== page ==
Supercharging Volumetric 3D Printing

By on May 20th, 2021 in research

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Supercharging Volumetric 3D Printing
Normal (top) versus computationally-corrected (bottom) volumetric 3D printing [Source: OSA]

New research shows a method of greatly simplifying future volumetric 3D printers.

Volumetric 3D Printing

You might not be familiar with the term “volumetric 3D printing“. It’s a new form of 3D printing that uses photopolymer resin as many current 3D printers do, but in quite a different manner.

The concept is essentially the reverse of a CT scan. A CT scan fires X-Rays through a patient at different angles. These successive images are then compiled into a 3D model. In volumetric 3D printing we start with the 3D model and computationally generate the light patterns that one might have obtained when CT scanning.

These light patterns are fired at a transparent, rotating, cylindrical vat of photopolymer resin, where the object gradually forms as resin solidifies. Note that the vat spins at a constant rate, and the projections quickly shift from one 2D view to another so rapidly that it is essentially a continuous 3D build process. It’s not a layer-by-layer process; it’s beyond that.

The benefit of volumetric 3D printing is that the structures can form far more rapidly. Instead of, for example, waiting for a laser to tediously trace all solid portions of the object, a volumetric approach more-or-less forms the object in 3D simultaneously. In theory you can 3D print objects much more rapidly, perhaps as much as 100X faster.

Volumetric 3D Printing Challenges

There are some issues with volumetric 3D printing, such as the constraint of using transparent resin, but there’s another one that causes volumetric 3D printers to be more expensive.

It has to do with the light projections. These must pass through the transparent surface of the build chamber to reach the desired points in 3D space within the resin. However, the curved vat surface distorts the projection.

That’s a problem, because distorted light patterns would solidify material in the wrong places, leading to a failed 3D print.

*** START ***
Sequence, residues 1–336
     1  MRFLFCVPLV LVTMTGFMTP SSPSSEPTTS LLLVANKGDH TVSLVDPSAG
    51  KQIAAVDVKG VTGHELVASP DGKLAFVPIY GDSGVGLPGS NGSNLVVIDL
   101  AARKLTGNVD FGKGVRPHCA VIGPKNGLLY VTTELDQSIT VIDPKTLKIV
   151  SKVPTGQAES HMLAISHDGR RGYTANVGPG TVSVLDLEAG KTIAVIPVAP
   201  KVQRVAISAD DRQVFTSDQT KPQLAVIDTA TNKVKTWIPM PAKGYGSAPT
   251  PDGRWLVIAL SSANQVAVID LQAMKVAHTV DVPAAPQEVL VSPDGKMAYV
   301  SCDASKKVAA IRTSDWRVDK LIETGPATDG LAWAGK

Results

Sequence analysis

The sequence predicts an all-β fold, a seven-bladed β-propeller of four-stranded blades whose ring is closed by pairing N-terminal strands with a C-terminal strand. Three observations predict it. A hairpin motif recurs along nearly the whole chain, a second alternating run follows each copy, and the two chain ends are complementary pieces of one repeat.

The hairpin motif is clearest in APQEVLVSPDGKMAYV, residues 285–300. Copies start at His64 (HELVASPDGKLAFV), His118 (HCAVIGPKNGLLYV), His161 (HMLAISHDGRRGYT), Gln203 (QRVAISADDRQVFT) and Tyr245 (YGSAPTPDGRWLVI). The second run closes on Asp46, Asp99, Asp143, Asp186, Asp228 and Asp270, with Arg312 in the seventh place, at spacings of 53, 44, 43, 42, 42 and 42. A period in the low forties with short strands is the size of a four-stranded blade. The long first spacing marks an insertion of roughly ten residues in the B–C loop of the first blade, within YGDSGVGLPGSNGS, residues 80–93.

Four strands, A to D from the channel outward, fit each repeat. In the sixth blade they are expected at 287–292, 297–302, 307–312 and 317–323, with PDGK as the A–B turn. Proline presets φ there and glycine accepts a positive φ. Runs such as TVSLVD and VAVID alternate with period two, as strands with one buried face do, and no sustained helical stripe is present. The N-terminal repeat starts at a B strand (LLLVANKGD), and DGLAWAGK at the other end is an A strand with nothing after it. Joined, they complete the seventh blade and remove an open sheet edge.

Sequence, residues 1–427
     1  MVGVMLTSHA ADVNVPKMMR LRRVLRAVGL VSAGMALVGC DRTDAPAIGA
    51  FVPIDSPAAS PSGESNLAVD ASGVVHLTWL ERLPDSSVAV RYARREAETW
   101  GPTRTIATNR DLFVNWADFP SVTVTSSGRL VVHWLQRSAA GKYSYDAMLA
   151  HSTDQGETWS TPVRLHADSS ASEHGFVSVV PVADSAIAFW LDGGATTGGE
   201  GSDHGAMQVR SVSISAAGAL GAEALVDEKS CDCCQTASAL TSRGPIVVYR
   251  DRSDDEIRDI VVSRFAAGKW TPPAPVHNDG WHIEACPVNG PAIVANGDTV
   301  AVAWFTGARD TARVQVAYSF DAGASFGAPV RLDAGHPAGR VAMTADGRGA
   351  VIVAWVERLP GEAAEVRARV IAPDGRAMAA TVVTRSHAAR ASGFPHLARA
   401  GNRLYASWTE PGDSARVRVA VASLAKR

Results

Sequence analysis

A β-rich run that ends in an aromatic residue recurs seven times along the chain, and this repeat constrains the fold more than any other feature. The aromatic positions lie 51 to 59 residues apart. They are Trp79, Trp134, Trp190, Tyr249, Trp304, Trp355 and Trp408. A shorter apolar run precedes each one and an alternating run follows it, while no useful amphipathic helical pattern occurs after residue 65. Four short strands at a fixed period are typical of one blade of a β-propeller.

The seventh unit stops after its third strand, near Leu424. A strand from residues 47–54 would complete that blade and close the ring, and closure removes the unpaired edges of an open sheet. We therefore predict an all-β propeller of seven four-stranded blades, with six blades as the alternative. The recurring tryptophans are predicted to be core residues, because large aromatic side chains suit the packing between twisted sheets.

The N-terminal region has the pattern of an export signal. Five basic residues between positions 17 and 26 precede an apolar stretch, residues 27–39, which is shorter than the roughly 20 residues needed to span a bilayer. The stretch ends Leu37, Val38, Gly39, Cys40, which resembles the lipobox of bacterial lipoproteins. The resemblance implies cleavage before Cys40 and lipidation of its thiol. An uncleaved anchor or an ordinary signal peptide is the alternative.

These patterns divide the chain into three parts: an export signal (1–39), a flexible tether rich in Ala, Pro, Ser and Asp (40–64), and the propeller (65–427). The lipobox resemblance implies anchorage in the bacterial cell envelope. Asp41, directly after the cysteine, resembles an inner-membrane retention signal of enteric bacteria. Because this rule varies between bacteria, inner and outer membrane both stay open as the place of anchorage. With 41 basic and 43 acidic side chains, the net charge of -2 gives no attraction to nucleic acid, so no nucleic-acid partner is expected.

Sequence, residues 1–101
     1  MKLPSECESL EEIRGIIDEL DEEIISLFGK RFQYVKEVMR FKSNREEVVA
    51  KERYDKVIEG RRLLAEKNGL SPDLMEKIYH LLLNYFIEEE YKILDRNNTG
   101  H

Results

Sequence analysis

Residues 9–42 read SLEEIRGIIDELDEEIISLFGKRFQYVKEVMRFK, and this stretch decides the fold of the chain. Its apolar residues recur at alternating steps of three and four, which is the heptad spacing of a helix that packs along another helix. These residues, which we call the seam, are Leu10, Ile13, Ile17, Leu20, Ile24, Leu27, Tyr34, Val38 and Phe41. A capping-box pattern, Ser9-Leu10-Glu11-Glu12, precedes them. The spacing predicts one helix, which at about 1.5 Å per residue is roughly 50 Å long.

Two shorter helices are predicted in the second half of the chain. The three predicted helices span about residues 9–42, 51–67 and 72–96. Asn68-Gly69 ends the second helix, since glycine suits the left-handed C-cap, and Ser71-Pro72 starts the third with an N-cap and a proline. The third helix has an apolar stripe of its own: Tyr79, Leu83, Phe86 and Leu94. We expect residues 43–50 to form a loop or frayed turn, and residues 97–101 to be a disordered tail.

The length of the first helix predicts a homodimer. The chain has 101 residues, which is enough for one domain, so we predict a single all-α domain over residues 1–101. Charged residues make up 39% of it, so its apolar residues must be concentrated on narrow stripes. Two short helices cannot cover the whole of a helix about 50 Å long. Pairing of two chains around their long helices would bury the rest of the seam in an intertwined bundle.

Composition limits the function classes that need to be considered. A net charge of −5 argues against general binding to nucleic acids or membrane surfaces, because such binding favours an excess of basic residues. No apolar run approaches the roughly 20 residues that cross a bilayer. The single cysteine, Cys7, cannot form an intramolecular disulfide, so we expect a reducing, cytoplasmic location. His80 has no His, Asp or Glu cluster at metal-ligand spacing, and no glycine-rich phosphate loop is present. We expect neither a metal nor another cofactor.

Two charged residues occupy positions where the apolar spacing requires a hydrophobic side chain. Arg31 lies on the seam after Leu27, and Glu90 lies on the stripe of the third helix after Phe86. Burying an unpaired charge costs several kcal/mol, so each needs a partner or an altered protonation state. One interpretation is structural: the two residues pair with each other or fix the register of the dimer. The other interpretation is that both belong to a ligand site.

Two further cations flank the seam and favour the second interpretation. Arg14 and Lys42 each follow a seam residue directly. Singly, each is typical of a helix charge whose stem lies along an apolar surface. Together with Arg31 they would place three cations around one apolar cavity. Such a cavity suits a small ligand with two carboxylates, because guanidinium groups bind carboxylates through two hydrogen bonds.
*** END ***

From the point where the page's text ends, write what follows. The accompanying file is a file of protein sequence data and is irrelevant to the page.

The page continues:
To correct for this distortion, volumetric 3D printers have had to employ fancy optical systems that account for the distortion before projecting into the build chamber. This allows correct solidification to occur.

Sometimes this correction is provided by an “index matching fluid” surrounding the build chamber, or an optical lens system.

Ray Distortion Correction

Target disc grid dose for computationally-corrected volumetric 3D printing [Source: OSA]

Now Canadian scientists have developed an approach to avoid this problem entirely.

Their approach is to computationally correct the projections before projection occurs. In other words, they distort each 2D projection frame in just a way to account for the vat distortion.

Why is this important? The answer is simple: it means you do not have to have a fancy optical system in the volumetric 3D printer.

Using this approach, volumetric 3D printers would be correspondingly less expensive to build because the price of precision optics is quite high. This research just eliminated an entire component previously required by volumetric 3D printers.

There is complex math involved in this computative correction, but it is not unlike ray-tracing that is commonly performed for 3D rendering.

Successful test 3D prints using computationally-corrected volumetric 3D printing [Source: OSA]

The researchers were able to implement a demonstration of their approach using a projection configuration, and successfully 3D printed several objects, including the Stanford Bunny.

Based on that demonstration, it’s likely this technology will make its way into either existing volumetric 3D printer projects, or entirely new projects yet to emerge.

Either way, we’re likely to see lower cost, very rapid volumetric 3D printing in the near future.


By Kerry Stevenson

Kerry Stevenson, aka "General Fabb" has written over 8,000 stories on 3D printing at Fabbaloo since he launched the venture in 2007, with an intention to promote and grow the incredible technology of 3D printing across the world. So far, it seems to be working!

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